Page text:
James gets round to buying a new car and much to the horror of his wife and her companion it is exactly the same make and model as the one he crashed. He has even chosen all the same optional fittings down to custom wing mirrors. Relieved of most of his work duties due to his fragile temperament, Ballard drives the new car down to ... ... the yard where the wreck of the old one is impounded.

Here's the clincher, while he is examining the wreck, who should come along but Helen Remington, the other crash survivor and widow of the man killed in their accident. Ballard can't believe it, but it seems she has been going through the same experiences as he has. He offers to drive her to her office by the airport and things really kick off to the next level.

First they are stuck in heavy traffic and the atmosphere is tense and surreal:

'Do you want a cigarette?' Her strong fingers tore away the cellophane. 'I started to smoke at Ashford - it's rather stupid of me.'
'Look at all this traffic - I need every sedative I can get my hands on.'
'It's much worse now - you noticed that did you? The day I left Ashford I had the extraordinary feeling that all these cars were gathering for some special reason I didn't understand. There seemed to be ten times as much traffic.'
'Are we imagining it?'
She pointed to the interior of the car with her cigarette. 'You've bought yourself exactly the same car again. It's the same shape and colour.'
And then ... ... yes, he drives them to the exact spot of the crash and piles down the off ramp at full speed, losing control, bouncing off the centre island and careening out of control through the traffic circle at the bottom. Miraculously, all the other cars swerve out of the way. During this, his erect penis rubs up against the steering wheel and he cums in his pants. 

Helen doesn't mind. She has her hand on his shoulder and they drive off into the night, drifting through the featureless new housing estates, coming down from their sexual experience. 

Liveblogging Ballard's Crash Chapter Six

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Ballard, it has been established, works for a TV studio that makes commercials. He uses their regular car rental service to try out all kinds of cars now. Then he drives around the various highways of the airport zone, taking in the flyovers, bland hotels, 24 hour supermarkets, traffic islands and new apartments. The cars seem alive to him with the previous drivers.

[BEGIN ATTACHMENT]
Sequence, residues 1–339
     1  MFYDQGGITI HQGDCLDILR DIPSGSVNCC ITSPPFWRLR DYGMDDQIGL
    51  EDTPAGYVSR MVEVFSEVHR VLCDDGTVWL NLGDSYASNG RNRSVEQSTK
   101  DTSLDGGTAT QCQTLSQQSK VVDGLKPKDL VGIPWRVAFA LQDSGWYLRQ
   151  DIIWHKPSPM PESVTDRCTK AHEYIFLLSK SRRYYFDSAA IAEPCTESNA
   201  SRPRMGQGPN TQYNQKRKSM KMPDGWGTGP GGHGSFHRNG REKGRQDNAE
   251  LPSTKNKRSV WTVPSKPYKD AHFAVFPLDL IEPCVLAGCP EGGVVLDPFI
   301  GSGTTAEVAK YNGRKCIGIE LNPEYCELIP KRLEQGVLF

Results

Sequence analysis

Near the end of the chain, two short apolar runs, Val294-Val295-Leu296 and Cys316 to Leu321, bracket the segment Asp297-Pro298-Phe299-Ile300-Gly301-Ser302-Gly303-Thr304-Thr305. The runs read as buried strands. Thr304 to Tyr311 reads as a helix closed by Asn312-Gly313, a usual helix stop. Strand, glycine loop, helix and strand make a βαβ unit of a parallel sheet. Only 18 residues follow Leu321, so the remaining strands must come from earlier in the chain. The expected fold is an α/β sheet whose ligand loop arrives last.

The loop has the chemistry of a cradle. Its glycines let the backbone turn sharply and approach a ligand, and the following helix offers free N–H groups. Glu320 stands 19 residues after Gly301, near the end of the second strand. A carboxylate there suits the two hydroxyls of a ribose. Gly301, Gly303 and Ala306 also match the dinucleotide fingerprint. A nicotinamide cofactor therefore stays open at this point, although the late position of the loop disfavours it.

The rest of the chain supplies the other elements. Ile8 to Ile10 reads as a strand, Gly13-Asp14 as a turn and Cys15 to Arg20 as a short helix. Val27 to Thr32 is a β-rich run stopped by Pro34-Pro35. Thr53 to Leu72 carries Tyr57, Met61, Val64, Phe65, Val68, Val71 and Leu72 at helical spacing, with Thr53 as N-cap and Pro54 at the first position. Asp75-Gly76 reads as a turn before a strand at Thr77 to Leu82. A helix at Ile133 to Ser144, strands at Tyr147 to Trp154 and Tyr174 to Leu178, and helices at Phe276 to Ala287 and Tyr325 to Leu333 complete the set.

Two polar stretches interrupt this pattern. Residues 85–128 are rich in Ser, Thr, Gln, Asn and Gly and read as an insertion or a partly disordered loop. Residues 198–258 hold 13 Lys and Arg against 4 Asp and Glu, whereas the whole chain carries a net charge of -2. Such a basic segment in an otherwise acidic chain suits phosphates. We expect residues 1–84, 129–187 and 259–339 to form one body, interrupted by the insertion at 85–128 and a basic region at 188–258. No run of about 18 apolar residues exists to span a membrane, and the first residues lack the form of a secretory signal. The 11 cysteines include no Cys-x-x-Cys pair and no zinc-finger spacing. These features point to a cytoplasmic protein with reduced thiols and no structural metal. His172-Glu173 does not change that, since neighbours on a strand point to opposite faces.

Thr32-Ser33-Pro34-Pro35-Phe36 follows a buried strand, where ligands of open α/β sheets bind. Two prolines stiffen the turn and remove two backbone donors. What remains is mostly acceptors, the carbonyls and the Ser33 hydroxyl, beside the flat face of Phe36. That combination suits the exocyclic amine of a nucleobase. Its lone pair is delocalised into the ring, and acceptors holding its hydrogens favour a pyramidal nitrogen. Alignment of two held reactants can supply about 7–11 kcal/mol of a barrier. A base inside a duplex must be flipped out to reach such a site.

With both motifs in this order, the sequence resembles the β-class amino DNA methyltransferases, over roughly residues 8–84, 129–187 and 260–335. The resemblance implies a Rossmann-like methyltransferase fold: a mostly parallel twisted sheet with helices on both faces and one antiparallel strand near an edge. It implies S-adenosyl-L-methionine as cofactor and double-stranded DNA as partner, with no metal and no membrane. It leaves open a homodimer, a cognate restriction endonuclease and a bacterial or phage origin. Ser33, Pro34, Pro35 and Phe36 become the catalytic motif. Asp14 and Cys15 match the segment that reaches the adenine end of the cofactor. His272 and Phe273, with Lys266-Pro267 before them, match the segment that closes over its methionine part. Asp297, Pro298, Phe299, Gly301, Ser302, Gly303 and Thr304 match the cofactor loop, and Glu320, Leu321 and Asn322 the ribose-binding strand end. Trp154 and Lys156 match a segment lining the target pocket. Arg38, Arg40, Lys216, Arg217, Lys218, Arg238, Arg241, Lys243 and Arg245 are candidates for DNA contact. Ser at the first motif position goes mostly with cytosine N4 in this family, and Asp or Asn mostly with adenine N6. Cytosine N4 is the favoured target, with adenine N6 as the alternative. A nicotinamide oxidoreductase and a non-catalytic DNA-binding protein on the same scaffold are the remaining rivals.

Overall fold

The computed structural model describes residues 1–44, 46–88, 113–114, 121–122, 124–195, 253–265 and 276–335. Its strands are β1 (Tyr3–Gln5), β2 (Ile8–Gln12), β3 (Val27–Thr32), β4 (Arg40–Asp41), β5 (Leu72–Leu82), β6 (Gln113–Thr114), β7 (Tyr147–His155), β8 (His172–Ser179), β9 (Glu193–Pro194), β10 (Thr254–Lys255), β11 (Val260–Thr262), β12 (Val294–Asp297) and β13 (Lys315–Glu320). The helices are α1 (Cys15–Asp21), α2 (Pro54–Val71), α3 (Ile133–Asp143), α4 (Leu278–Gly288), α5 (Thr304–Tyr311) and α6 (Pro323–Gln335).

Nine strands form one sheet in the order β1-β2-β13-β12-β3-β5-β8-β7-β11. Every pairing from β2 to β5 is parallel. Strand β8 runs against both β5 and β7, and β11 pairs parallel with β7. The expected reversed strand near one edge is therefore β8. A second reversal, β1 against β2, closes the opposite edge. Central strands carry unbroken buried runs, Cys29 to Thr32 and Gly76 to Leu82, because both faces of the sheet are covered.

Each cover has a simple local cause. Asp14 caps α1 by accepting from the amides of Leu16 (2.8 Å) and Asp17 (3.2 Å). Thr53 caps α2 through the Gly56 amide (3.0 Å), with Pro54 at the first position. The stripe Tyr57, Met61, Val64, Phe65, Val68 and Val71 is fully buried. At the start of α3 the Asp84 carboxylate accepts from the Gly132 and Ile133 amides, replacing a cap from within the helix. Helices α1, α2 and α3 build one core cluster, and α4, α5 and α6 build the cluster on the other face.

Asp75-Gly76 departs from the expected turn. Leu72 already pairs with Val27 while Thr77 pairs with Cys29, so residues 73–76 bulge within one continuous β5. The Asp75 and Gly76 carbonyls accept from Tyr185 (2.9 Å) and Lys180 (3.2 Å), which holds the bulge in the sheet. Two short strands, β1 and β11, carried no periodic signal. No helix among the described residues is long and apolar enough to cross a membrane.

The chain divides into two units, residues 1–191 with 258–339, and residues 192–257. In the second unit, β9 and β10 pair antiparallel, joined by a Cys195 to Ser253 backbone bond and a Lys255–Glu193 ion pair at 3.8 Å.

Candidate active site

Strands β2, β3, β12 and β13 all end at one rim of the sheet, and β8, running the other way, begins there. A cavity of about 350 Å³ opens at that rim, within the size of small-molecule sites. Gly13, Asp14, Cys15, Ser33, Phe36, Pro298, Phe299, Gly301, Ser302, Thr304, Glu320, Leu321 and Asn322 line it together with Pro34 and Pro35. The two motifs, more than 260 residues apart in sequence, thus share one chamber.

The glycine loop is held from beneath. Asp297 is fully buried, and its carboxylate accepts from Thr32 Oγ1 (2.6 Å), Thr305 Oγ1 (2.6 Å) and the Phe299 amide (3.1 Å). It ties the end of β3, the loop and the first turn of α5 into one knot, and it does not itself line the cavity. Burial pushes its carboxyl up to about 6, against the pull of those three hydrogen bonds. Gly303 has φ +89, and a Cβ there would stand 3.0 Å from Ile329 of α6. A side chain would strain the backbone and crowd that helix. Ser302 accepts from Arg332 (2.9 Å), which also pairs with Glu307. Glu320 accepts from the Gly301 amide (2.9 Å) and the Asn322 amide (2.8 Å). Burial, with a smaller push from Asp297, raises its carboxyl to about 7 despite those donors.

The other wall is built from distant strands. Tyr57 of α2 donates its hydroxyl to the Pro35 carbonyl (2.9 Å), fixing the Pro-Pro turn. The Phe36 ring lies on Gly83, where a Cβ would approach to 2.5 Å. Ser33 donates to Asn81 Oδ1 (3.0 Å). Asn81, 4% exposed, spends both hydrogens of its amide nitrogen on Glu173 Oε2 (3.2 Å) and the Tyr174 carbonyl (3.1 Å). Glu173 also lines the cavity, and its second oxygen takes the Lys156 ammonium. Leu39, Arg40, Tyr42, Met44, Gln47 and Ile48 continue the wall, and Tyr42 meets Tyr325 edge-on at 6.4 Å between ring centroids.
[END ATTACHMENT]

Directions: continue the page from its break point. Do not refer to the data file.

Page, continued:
Like the other cars I had hired, this one was covered with scratches and heel marks, cigarette burns and scuffings, translated through the glamorous dimension of Detroit design. On the pink vinyl seat was a deep tear large enough to take a flagstaff or, conceivably, a penis.
Driving about the surreal artificial landscape by night, and experiencing the traffic around his crash site, proves too much. Ballard picks up an airport prostitute - who waits on a traffic island of all places - and takes her to the deserted open roof of a multi-storey carpark.

His blowjob is suddenly interrupted by a flash of light and then a noise and commotion below. An airport bus has rear-ended a taxi and the bloodied driver is being pulled out by the light of police headlamps. But Ballard turns to see the original flash was in fact from a camera. Vaughan has been stalking him again. This time he recognizes him as the famous TV scientist.

As he reached the balcony his face was lit by the headlamps of the police car. I realized that I had seen his pock-marked face many times before, projected from a dozen forgotten television programmes and news magazine profiles - this was Vaughan, Dr Robert Vaughan, a one-time computer specialist. As one of the first of the new-style TV scientists, Vaughan had combined a high degree of personal glamour - heavy black hair over a scarred face, an American combat jacket - with an aggressive lecture theatre manner and complete conviction in his subject matter, the application of computerized techniques to the control of all traffic systems. In the first programmes of his series three years earlier Vaughan had projected a potent image, almost that of the scientist as hoodlum.